Leaders should publicly disclose sources of their wealth —Bishop Onuoha

The Co-chair of Interfaith Dialogue Forum for Peace, Bishop Sunday Onuoha, challenged public office holders and leaders in Nigeria to publicly disclose their sources of wealth. This, according to him, will demonstrate that government is sincere with the anti-graft war. Bishop Onuoha who agreed with the Vice President that corruption is at the root of insecurity in the country, dared Nigeria leaders to declare the sources of their wealth and convince the disenchanted and frustrated youth population that they could be trusted. He said, “if Nigerians are sincere and honest, let every Nigerian and our leaders disclose their sources of wealth. People are frustrated and angry because of hardship in the land. Some people feel that those who have occupied public space have appropriated to themselves what should have gone round, and that is why people are suffering. So, let everyone come out publicly and disclose their sources of wealth”.

Bishop Opoko recommends capital punishment for corrupt public officers

Similarly the Methodist Archbishop of Umuahia Diocese, Archbishop Raphael Opoko, blamed the festering insecurity in the country on insincerity of leaders in the war against corruption. He, however, noted that it would be difficult for leaders to truly fight corruption when they themselves are also corrupt. The cleric dismissed the mouthed anti graft war as cosmetic and mere political rhetoric.

He said: “If some people at the helm of affairs are corrupt, how do you think they can fight corruption? Corruption is however not limited to government circle, the monster has eaten deep into the fabrics of the Nigerian society. There is also corruption outside government including market women. We need a reorientation and to reinstate our value system.

We need to emphasize that money is not everything. Those who built houses that don’t match their salary should be asked questions. We should be talking about firing squad for corrupt public officers. Those benefiting from corruption should also be prosecuted. Education should be free but even the education subsidy has been withdrawn. Students are dropping out of school and tomorrow they joins gangs and become threat to everybody.

If no serious and drastic measures are taken now to kill corruption the entire country might soon be consumed by the consequences of the monster. Nigerians may be patient for long but if they resort to violent uprising, everybody will be consumed”.

Public Analyst, Hon Ayo Fadaka, said, “the North is so comfortable about being the albatross on the neck of Nigeria. It remains a region where leadership is not about providing genuine social service, but about distributing tokenism to its people, an attitude that has since crept to the South as our own political class too, stricken by poverty of ideas are emulating them through their empowerment schemes. Unfortunately, Buhari affected Nigeria so much with this poor mentality, which manifested through the “Trader money” scheme disappointingly championed by erudite Professor Yemi Osinbajo as Vice President.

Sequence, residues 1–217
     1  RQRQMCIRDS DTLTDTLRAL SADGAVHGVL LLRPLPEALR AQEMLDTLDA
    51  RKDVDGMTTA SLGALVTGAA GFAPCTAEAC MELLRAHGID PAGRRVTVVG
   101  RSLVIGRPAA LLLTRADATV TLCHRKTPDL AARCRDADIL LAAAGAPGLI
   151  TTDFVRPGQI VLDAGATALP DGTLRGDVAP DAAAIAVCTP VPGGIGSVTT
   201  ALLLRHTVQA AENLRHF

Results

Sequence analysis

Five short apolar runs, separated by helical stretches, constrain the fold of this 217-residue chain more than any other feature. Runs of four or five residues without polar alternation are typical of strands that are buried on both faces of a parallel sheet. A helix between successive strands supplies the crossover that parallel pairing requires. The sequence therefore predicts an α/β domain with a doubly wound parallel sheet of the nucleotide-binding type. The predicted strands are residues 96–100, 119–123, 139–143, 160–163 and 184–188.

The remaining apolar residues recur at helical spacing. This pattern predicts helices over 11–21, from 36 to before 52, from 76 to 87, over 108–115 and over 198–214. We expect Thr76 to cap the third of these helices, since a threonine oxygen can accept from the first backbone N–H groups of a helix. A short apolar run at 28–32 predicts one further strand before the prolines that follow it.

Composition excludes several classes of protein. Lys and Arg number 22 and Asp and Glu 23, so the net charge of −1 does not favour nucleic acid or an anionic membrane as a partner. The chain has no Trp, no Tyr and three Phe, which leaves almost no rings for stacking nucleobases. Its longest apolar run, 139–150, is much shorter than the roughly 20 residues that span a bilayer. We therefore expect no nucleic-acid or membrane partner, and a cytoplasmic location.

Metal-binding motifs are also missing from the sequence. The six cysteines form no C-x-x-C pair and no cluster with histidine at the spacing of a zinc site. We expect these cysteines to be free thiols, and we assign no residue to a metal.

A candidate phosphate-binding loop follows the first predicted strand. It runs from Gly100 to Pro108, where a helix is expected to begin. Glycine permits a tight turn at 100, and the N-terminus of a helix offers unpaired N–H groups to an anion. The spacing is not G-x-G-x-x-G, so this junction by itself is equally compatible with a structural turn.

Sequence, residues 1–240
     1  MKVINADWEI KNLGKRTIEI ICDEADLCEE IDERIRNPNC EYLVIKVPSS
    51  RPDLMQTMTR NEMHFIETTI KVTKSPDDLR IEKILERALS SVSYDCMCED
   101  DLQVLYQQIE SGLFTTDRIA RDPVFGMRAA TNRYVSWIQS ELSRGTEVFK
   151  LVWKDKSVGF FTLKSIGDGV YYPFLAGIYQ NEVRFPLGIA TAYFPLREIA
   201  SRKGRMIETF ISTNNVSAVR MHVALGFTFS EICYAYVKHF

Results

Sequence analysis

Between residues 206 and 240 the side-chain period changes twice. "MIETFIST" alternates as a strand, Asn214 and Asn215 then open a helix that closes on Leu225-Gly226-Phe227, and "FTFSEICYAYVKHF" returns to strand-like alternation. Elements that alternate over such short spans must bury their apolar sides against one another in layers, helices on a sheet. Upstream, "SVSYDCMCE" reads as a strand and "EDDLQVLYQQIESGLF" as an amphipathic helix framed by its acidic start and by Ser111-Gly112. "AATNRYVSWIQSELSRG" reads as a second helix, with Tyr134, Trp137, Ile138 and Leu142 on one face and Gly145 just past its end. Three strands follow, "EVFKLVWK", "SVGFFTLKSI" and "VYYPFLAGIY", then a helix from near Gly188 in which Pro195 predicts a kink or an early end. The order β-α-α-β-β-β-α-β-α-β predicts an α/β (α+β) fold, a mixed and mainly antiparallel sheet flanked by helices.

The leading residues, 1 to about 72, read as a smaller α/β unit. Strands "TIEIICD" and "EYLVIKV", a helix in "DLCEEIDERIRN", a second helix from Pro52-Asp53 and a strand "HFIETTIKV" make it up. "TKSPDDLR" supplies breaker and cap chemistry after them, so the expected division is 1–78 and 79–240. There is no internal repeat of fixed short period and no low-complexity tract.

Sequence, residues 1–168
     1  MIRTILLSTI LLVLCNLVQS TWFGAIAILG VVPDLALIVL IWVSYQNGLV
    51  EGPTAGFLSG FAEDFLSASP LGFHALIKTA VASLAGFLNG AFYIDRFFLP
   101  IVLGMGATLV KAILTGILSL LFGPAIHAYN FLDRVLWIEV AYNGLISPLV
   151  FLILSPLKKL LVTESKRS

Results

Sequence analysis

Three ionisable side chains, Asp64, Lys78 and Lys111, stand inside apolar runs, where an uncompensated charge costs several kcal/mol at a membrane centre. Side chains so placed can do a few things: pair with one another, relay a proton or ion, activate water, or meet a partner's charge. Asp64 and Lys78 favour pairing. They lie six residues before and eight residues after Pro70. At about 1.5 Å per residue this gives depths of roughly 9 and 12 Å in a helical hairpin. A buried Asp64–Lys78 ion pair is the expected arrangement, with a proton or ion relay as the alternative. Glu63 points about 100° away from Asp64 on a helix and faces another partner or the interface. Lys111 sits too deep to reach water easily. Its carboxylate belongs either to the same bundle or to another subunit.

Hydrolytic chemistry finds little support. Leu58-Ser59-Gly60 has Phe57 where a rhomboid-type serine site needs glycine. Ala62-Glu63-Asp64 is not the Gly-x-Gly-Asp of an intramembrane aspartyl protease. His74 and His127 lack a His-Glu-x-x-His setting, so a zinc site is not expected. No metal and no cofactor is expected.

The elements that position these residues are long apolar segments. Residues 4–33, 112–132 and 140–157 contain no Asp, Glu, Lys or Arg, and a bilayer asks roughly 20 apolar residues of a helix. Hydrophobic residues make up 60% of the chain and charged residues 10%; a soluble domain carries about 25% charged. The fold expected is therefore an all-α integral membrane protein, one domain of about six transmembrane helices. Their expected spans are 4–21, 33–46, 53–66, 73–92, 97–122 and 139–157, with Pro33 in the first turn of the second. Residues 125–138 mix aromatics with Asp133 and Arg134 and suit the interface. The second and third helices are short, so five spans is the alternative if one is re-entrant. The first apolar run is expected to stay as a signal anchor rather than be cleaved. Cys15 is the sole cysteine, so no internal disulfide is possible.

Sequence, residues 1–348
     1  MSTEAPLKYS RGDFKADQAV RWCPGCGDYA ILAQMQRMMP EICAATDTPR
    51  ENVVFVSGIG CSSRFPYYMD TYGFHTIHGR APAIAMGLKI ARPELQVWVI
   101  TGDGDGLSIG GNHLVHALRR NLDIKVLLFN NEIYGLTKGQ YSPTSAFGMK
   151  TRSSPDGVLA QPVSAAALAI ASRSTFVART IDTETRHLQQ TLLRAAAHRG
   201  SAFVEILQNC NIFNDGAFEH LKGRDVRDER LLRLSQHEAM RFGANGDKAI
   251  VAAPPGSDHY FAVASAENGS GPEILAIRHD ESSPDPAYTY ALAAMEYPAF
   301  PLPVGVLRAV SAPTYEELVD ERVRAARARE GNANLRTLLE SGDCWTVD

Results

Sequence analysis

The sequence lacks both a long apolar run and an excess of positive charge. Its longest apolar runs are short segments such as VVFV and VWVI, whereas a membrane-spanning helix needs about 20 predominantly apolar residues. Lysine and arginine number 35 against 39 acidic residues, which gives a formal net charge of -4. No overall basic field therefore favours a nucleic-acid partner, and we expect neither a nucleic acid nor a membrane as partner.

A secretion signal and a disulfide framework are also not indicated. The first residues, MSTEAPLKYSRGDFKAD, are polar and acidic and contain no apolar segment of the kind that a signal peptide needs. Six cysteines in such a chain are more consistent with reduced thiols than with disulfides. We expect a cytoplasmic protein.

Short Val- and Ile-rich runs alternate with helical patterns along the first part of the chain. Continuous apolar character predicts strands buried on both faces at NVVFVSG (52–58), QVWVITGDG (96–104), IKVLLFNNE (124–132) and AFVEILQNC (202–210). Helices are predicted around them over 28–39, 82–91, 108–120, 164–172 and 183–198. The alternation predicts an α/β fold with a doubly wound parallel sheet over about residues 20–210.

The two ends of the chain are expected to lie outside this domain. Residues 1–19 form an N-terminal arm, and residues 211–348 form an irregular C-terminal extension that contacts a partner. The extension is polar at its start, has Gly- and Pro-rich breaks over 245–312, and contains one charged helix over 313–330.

The creation of the Ministry of Humanitarian Affairs further accentuated same corruption and entrenched it, and disappointing enough, President Bola Tinubu is still maintaining this poor frame and Nigeria continues to bleed. This is manifested through his poorly thought palliative measures that they say targeted a class of Nigerians, but reached no one sufficiently, rather than create institutions that will bolster the economy, they sought to take refuge under an attitude of wholesale bribery that remains ineffectual.

Fundamentally, the North invested in the social deprivation scheme which created a class of children beggars, loitering at the premises of the wealthy for their daily sustenance and they use religion to sustain this anomaly. Those children, now grown into adulthood, reacting against their unjust upbringing and system are revolting, they are the bandits and terrorists of today. If cogent actions are not taken very soon, we can begin to forget Nigeria.

Former Ondo state chairman of Social Democratic Party, Hon Stephen Adewale said, “The best way to stop corruption is for our leaders to lead by examples by building a culture of integrity. Rhetoric will not solve the corruption until our leaders put their words into practice.

In order to fight corruption the Federal Government must know the institutional tools that are available or that need to be created in the country. They have to understand the conditions that facilitate corruption because corruption is a cycle. To this effect, efforts have to be made to rebuild trust between the government officials and the general populace. If we don’t rebuild trust, it will be very difficult to be effective in collective action. And we need collective action because the crises are intertwined, so leaders cannot fight the corruption alone.

Mr Alake Moses, an Estate Valuer based in Ibadan said, “there’s nothing new in what the vice president said. Successive leaders have been saying it. Let President Tinubu and his team begin from the National Assembly. The way they spend money now is a matter of concern. They should empower the Independent Corrupt Practices and Other Related Offences Commission, ICPC and Economic and Financial Crimes Commission, EFCC, the two organs created for the purpose of curbing corruption.

A business woman, Mrs Adetifa Babatunde, argued that the government should begin reorientation of all Nigerians saying, “it appears everyone believes until you steal or mismanage public funds, you can’t make it in life.” She suggested that capital punishment should be introduced like most Asian countries do. “It may not stop corruption but it will automatically reduce it. For instance, the life imprisonment imposed on rape offence in Lagos State will help reduce the urge to commit the crime”.

Jide Arogundade, an activist also supports death sentence if the leaders are serious in stopping corruption. “Anyone who steals more than N2m should be made to face firing squad. I believe this is not too much if we consider the ripple effect of corruption on citizenry”, he said.

CREDITED: Dayo Johnson; Samuel Oyadongha; Egufe Yafugborhi; Peter Duru; Laolu Elijah; Jimitota Onoyume; Ozioruva Aliu; Ochuko Akuopha; Steve Oko & Ibrahim Hassan-Wuyo